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Tribunal retains jurisdiction to vary bail conditions unless bail is finite

UPDATE: overturned by the Court of Appeal in R (On the Application Of Raza) (Pakistan) v The Secretary of State for the Home Department [2016] EWCA Civ 807.


R (on the application of Raza) v Secretary of State for the Home Department (Bail – conditions – variation – Article 9 ECHR) (IJR) [2016] UKUT 132 (IAC) is a very interesting judgment on the law of immigration bail from the President. These issues are rarely aired and it is good to see some logic and rigor being brought to bear on the issue.

The standard practice in the FTT seems to be to grant bail for a defined period ending with a condition to report to a Chief Immigration Officer. During that defined period only the FTT may vary the bail conditions, not the Home Office. However, it seems that after the end of that period, assuming that the Home Office does not re-detain and itself grants bail — as would normally be the case — then it is up to the Home Office what conditions are imposed. Any challenge to those conditions would be by way of judicial review of the decision of the Home Office.

Immigration judges need to be mindful of what they are doing when they make orders for bail. If the order for bail does not clearly end at a specified point then jurisdiction to vary the bail conditions will remain with the tribunal. This affords an easier, cheaper, quicker and more appropriate remedy than judicial review in contentious cases, so there are certainly reasons to retain jurisdiction with an ongoing order.

On the facts of this case, the judge may not have realised that the order was not finite and it seems that a subsequent judge (or clerk) declined to list a bail variation hearing on the incorrect basis that the tribunal did not have jurisdiction.

The official headnote:

(i) Presidential Guidance Note No 1 of 2012 “Bail Guidance for Judges Presiding over Immigration and Asylum Hearings” is an instrument of guidance and not instruction. The guidance should, however, normally, be followed and good reason is required for not doing so.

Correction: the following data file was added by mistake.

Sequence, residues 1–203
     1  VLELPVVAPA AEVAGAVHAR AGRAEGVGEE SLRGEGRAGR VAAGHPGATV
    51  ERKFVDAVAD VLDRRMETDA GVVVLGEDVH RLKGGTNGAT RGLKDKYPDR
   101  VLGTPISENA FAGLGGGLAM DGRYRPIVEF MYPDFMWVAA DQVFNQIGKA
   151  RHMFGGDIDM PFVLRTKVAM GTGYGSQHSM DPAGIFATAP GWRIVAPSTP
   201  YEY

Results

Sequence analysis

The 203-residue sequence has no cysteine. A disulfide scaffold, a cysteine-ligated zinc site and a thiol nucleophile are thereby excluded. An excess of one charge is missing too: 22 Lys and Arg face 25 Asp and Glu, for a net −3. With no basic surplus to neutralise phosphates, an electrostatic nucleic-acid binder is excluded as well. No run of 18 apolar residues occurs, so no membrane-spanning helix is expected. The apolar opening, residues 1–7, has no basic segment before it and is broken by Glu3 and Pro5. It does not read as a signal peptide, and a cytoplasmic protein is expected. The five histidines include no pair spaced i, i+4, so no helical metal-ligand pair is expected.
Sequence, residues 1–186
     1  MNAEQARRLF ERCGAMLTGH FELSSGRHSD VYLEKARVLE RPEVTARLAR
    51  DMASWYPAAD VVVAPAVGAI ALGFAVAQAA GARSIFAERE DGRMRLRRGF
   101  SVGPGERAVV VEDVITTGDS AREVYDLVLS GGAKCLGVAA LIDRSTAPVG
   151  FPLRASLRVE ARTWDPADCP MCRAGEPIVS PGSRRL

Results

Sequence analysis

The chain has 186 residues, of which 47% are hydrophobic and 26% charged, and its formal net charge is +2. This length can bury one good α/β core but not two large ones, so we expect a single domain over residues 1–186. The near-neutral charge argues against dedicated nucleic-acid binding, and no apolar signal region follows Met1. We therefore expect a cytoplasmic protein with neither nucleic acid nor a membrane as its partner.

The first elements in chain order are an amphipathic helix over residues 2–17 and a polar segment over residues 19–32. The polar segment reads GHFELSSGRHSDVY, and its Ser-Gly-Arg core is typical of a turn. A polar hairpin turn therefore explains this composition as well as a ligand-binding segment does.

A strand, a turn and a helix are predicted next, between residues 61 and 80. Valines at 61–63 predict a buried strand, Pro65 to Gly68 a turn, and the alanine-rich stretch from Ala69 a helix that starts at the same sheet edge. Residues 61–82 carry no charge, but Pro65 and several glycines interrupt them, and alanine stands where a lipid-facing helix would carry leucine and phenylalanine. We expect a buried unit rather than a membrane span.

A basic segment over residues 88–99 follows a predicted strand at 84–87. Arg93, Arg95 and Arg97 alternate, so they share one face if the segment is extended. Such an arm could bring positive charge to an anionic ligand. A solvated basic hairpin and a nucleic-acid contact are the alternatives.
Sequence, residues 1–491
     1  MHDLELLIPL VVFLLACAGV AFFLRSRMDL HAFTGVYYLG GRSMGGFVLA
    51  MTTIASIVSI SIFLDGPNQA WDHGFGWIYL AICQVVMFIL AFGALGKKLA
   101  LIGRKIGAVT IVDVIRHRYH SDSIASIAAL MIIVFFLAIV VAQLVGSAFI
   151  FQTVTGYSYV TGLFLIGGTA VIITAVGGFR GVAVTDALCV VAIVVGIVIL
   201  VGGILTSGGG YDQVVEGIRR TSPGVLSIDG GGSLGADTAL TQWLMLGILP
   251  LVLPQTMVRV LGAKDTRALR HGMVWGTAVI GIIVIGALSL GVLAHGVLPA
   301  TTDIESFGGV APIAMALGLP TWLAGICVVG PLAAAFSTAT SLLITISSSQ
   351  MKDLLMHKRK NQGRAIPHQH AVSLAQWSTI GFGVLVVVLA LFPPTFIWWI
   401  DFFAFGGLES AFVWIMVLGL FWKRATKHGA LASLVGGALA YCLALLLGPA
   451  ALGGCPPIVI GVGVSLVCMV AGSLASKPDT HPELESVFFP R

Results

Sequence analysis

(ii) The First-tier Tribunal (“FtT”) is empowered to adjudicate on applications to vary the terms of its bail orders.

(iii) The FtT retains exclusive power to vary any of its bail orders during their lifespan. The Chief Immigration Officer has no power to interfere with such orders or make any other order in such circumstances.

(iv) In cases where there is no appeal pending, an application for bail can be made to either the FtT or the Chief Immigration Officer.

(v) While every case will be fact sensitive, a curfew and electronic monitoring restriction in a bail order will not normally constitute a disproportionate interference so as to infringe Article 9 ECHR, Article 10 of the Fundamental rights Charter or the Equality Act 2010.

Source: Raza, R (on the application of) v Secretary of State for the Home Department (Bail – conditions – variation – Article 9 ECHR) (IJR) [2016] UKUT 132 (IAC) (1 February 2016)

Colin Yeo
Colin Yeo A barrister specialising in UK immigration law at Garden Court Chambers in London, I have been practising in immigration law for 15 years. I am passionate about immigration law and founded and edit the Free Movement immigration law blog.

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